It is with a heavy heart that we mark the passing of Professor Luis Moreno. Luis had been an Associated Fellow of the Centre on Constitutional Change since its foundation in 2013, and a much longer friend of the University of Edinburgh. He completed his PhD in Politics in 1986, under the supervision of Henry Drucker, in what was then the Unit for the Study of Government in Scotland. His thesis, Decentralisation in Britain and Spain: the cases of Scotland and Catalonia, popularized what came to be known as the Moreno question, used in surveys to identify the relative importance of people’s sense of dual national identity (e.g. Scottish more than British, British more than Scottish, etc).
In the decades that followed, he built a distinguished and world-renowned career as a political sociologist, latterly at the IPP Institute of Public Goods and Policies at the Spanish National Research Council. He published over 30 scholarly books and around 350 articles, focused mainly on the welfare state, federalism, national identities, citizenship and social policy. His most recent books, Robotized Democracies. Future scenarios in the United States and the European Union (2018) and From the outside in: Reflections of change in times of pandemic (2021), deal with the effects of digitization and automation in our societies and social welfare. Characteristically, they were intended to explain and explore societal change, while provoking discussions of its consequences and possibilities. His immense contribution to knowledge was recognised by the Spanish Government in 2022, when he was awarded the prestigious Spanish National Prize for Research (Law, Economic and Social Sciences).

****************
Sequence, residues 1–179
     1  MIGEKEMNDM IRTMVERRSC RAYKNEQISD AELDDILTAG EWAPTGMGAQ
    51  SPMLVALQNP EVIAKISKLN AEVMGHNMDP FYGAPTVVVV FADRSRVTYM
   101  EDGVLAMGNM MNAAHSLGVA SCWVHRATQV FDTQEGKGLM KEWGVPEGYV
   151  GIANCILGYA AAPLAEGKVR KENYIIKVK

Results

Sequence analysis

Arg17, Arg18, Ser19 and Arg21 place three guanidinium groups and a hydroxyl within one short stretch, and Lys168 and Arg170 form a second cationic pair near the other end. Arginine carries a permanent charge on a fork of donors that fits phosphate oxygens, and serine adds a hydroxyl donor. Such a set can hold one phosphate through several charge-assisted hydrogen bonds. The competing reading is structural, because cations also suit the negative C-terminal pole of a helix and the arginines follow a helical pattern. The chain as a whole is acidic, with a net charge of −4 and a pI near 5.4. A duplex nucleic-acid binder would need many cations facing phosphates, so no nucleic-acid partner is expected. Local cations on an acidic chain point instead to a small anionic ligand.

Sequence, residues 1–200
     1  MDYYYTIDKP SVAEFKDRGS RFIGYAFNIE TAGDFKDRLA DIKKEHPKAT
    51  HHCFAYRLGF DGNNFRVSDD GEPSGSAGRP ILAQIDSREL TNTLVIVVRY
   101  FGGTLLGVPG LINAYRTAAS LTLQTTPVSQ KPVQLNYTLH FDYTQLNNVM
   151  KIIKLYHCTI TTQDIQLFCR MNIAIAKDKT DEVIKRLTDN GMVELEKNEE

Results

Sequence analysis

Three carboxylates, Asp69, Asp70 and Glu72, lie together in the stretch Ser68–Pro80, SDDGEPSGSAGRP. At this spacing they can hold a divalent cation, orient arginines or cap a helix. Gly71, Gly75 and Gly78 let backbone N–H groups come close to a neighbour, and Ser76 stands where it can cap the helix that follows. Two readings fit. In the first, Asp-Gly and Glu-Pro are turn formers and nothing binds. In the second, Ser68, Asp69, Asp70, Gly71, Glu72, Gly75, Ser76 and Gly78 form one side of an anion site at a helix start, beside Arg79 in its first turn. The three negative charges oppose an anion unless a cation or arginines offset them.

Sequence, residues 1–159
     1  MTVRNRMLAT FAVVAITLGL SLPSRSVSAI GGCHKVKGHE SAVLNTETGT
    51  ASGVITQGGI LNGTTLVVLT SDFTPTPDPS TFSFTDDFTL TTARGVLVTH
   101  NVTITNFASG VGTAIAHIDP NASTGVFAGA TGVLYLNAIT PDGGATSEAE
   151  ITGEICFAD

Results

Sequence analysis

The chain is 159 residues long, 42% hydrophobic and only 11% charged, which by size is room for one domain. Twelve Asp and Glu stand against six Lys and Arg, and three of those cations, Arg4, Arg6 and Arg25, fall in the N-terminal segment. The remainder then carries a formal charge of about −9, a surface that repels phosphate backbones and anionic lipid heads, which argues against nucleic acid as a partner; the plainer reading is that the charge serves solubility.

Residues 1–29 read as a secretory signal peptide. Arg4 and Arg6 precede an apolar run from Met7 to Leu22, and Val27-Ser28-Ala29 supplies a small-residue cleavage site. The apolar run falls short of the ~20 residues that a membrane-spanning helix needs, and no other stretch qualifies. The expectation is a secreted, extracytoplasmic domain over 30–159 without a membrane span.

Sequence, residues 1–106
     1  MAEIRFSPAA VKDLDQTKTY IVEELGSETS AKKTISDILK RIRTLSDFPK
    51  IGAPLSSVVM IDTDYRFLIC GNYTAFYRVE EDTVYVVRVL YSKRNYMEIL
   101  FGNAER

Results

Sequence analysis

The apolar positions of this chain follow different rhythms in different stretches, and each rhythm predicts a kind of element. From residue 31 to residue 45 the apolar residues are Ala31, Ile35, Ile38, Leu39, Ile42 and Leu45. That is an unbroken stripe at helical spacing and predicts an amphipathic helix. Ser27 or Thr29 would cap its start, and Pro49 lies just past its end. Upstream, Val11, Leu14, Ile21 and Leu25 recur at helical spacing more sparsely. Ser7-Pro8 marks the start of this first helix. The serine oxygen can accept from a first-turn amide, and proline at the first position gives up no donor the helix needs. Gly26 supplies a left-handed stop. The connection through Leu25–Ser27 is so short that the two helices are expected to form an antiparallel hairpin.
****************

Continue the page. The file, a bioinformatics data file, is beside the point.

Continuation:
Luis was more than just an academic. He was a public intellectual who made influential contributions to public debates in Spain. A former journalist, he had that rare ability to make cogent interventions accessible to the general public. As a young man at the time of Spain’s transition to democracy, he was a local councillor and mayor for the Spanish Socialist Party (PSOE) and remained a voice for social democracy and welfare in Spain and beyond throughout his life.
Beyond his individual contributions, Luis contributed to the career development of many others, including several of the team at the Centre on Constitutional Change and the Edinburgh School of Social and Political Science, where he was Honorary Professor. A proactively kind and generous person who made life better for those in his orbit, Luis was always generous with his time, and always unwavering in his support of early career researchers.
Thank you, Luis, for all that you gave. May you rest in peace.
Our thoughts are with Luis’s family, friends and colleagues.